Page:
My name is Paul Dalio. I’m a filmmaker, husband of my NYU film school classmate, father of two children, and bipolar. Of these labels, the one I’m certain stands out in your mind is bipolar — and not in a good way. That’s no fault of your own, since you probably don’t know much about it, other than what you’ve heard.
So how do I deal with this label? What other label do I have to choose from that’s not a disorder, disease, illness, or defect in my humanity? I remember when I received the label at age 24. All every medical book had to offer was that if I stayed on these meds, which made me feel no emotion, I could live a “reasonably normal life.” I didn’t know exactly what that meant, but I was pretty sure it sounded like “just get by.”
Six months later, I came across a book, Touched with Fire, by Kay Jamison. It was the first medical text showing a tangible correlation between bipolar and artistic genius, profiling some of the greatest artists in history. For the first time, I heard words, shining right through every medical book’s thick printed clinical ink, describing something I could be proud to be. I was like, “Yeah, that’s what I am. I’m ‘touched with fire.'”
It would be destructive for me to deny all four seasons of the bipolar fire. When summer’s mania exceeds its stay and the fall shadows grab hold of your brain, you can feel your will within each withering leaf clinging to the trees of the entire forest surrounding you, slipping as they fall down on you. And then when winter rolls around, your soul retreats deep beneath the frozen ground and it’s calling your body down, it feels like your ashes are fighting gravity. And when spring returns, it extends a warm invitation to rise too high and repeat the bipolar cycle that will lay waste to your lives.
Likewise, it would be unwise for a doctor to deny that on those manic summer nights when we look out our hospital windows we can see the stars pulsing spirals of fire across the sky, as God lifts the veil and unfolds the entire universe before our eyes, because we know that humanity’s most beloved image of the sky was seen through a sanitarium window with Van Gogh’s manic eyes.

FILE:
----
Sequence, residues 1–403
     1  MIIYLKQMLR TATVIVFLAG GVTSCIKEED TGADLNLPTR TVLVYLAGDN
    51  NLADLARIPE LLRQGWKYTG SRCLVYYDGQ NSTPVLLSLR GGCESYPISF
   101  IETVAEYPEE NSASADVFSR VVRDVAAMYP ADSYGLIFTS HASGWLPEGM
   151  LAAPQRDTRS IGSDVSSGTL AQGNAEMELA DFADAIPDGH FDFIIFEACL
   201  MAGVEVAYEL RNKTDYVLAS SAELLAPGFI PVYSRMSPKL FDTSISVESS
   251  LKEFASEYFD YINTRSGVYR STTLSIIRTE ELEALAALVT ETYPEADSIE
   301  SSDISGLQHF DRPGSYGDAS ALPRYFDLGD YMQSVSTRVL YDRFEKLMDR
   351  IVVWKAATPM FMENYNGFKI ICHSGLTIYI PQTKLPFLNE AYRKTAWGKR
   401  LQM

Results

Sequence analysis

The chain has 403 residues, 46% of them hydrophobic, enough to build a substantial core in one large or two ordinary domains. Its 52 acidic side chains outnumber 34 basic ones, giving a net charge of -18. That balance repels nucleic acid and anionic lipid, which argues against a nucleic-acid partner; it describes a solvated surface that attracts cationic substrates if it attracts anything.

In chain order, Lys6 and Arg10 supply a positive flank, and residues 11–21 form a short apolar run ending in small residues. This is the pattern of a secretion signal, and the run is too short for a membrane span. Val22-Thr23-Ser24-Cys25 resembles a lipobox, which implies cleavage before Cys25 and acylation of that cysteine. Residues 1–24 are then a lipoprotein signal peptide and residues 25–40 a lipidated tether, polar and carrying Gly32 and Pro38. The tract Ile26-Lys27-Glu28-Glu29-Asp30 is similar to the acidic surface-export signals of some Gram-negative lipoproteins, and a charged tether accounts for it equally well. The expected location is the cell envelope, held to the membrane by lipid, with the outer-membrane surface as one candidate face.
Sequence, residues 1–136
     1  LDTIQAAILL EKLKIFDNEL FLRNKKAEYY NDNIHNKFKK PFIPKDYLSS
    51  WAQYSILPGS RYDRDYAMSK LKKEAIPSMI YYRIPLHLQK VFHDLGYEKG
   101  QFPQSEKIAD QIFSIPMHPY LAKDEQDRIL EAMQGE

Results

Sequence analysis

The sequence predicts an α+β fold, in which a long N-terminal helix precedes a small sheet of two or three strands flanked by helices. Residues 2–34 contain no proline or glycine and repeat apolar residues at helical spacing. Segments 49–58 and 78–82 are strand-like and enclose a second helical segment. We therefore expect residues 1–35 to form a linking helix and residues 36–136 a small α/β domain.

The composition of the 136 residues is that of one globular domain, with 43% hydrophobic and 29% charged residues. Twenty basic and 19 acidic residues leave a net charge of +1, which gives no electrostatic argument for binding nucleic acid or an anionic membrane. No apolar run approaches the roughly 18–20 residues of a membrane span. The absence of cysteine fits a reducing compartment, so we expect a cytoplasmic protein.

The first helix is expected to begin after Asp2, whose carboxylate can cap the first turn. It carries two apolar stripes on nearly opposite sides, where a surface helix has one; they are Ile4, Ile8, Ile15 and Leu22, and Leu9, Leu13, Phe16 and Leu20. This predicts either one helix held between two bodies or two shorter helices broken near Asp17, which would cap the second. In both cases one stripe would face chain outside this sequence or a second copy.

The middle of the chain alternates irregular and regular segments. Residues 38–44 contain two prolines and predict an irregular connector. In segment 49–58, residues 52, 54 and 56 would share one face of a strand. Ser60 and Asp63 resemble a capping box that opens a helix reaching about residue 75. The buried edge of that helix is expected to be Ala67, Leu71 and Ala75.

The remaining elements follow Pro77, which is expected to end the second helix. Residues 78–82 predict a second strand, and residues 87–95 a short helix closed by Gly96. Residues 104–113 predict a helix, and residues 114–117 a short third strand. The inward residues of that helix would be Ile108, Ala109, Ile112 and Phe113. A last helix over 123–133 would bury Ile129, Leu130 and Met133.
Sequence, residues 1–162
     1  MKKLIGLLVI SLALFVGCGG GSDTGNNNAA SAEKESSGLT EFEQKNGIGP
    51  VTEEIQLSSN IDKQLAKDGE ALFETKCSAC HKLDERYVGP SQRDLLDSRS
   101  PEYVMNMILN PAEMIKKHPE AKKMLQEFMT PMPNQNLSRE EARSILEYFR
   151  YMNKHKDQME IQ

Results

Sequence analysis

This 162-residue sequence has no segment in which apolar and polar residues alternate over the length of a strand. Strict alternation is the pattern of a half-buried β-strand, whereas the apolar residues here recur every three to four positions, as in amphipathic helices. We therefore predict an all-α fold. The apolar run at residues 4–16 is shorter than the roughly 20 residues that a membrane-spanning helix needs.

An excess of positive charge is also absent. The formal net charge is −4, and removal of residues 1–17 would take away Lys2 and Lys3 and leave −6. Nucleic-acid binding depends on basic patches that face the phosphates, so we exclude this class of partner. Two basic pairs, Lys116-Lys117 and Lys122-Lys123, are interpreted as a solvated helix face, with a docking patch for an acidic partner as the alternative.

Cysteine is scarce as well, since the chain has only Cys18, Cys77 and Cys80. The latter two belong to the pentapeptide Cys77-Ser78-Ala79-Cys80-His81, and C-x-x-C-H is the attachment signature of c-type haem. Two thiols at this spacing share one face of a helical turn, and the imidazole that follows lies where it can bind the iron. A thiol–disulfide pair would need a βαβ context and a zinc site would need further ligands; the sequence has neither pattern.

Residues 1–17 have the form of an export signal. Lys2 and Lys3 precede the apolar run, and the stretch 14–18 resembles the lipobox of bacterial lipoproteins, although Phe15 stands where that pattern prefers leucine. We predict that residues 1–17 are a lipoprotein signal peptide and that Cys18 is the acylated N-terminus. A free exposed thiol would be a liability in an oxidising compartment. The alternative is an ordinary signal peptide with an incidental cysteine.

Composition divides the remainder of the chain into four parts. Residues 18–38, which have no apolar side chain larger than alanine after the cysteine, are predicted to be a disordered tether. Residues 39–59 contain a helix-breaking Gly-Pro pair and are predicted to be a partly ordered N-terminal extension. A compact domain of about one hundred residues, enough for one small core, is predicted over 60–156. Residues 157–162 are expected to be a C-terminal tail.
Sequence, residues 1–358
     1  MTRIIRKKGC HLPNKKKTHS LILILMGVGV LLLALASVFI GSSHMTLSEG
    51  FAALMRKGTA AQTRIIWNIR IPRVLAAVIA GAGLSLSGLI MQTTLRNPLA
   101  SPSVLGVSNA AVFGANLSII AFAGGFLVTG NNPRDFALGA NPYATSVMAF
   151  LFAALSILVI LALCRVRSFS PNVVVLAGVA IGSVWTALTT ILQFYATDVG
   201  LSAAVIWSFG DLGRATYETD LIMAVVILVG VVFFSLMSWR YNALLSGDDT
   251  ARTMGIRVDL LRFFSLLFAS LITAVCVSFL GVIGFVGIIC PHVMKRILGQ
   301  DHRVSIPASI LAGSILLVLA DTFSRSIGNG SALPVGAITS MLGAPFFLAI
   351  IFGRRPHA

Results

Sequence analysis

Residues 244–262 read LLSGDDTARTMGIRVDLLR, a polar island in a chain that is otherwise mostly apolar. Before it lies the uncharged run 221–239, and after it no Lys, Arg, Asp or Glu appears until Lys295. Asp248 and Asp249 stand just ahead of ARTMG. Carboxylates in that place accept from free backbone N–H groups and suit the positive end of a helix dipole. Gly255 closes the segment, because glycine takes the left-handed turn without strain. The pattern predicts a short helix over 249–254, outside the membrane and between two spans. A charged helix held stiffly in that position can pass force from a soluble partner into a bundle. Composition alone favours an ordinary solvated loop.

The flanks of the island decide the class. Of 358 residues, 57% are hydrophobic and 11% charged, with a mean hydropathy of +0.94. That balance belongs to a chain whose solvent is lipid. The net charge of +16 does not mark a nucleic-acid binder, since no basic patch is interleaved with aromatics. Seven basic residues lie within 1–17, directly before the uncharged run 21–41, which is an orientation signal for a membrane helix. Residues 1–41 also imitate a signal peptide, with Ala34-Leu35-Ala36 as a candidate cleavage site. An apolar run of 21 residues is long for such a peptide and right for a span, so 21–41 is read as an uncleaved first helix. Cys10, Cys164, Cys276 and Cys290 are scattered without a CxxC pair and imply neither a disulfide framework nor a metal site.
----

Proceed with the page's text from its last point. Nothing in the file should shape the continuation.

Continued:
The reason why it would be unwise for a doctor to deny this reality is because if the doctor acknowledged that maybe it wasn’t just some misfiring synapsis flashing through a crack in our minds, maybe it was something special — he would also be able to remind the patient that while Van Gogh may have seen that sky through manic eyes, he didn’t paint it while he was manic, because he didn’t need the mania to have the fire. And that doctor would then be able to assure the patient that he or she doesn’t want to stomp out that fire. That over time, with gradual adjustments in medications, the doctor (and patient) would work together to make sure the patient keeps that fire, and sustains it without letting it get out of control and burn down his mind. How much more receptive would a patient be to treatment if the patient was told that the treatment was to nurture a gift, instead of terminating a disease?
However, in order for this to work, the doctor has to be able to trust the patient just as much as the patient has to be able to trust the doctor. My doctor trusted me. He saw I was impeccable with my health habits, patient, and I would be satisfied without mania. In return, he was never satisfied until I felt I had full, rich emotion. I now feel deeper, richer emotion and more creativity than I ever did before bipolar — to the point that I can call it a gift, so much that given the opportunity I wouldn’t want a “cure.”
Still, I know I’ll always walk a tightrope. But you get better at it over time, and like the guy who crossed between the Twin Towers, you learn not to fall, and the higher the stakes and tighter the wire, the stronger and more disciplined you’re forced to become in order to survive.
It’s only when things are so dark you can’t see hope one inch in front of your eyelids and it’s so cold, your soul is numb that you don’t even know if it still exists, when just as your dim glow is this close to being blown out by your own lips, a sudden spark of grit and will to live breaks into a flame of desperation, raging to blaze its way into the light of day again. So by the time you finally rise, the light in all those sunbathing souls combined could not hold a candle to the fire in just one of your eyes. And when you combine that with the bipolar fire, no matter what anyone labels you, that is something they can’t deny.
Inspired by his own experience of being bipolar, Paul Dalio wrote, directed, edited and scored Touched with Fire, his feature-film debut starring Katie Holmes and Luke Kirby. Touched with Fire will be released theatrically on February 12, 2016. Learn more at www.touchedwithfire.com.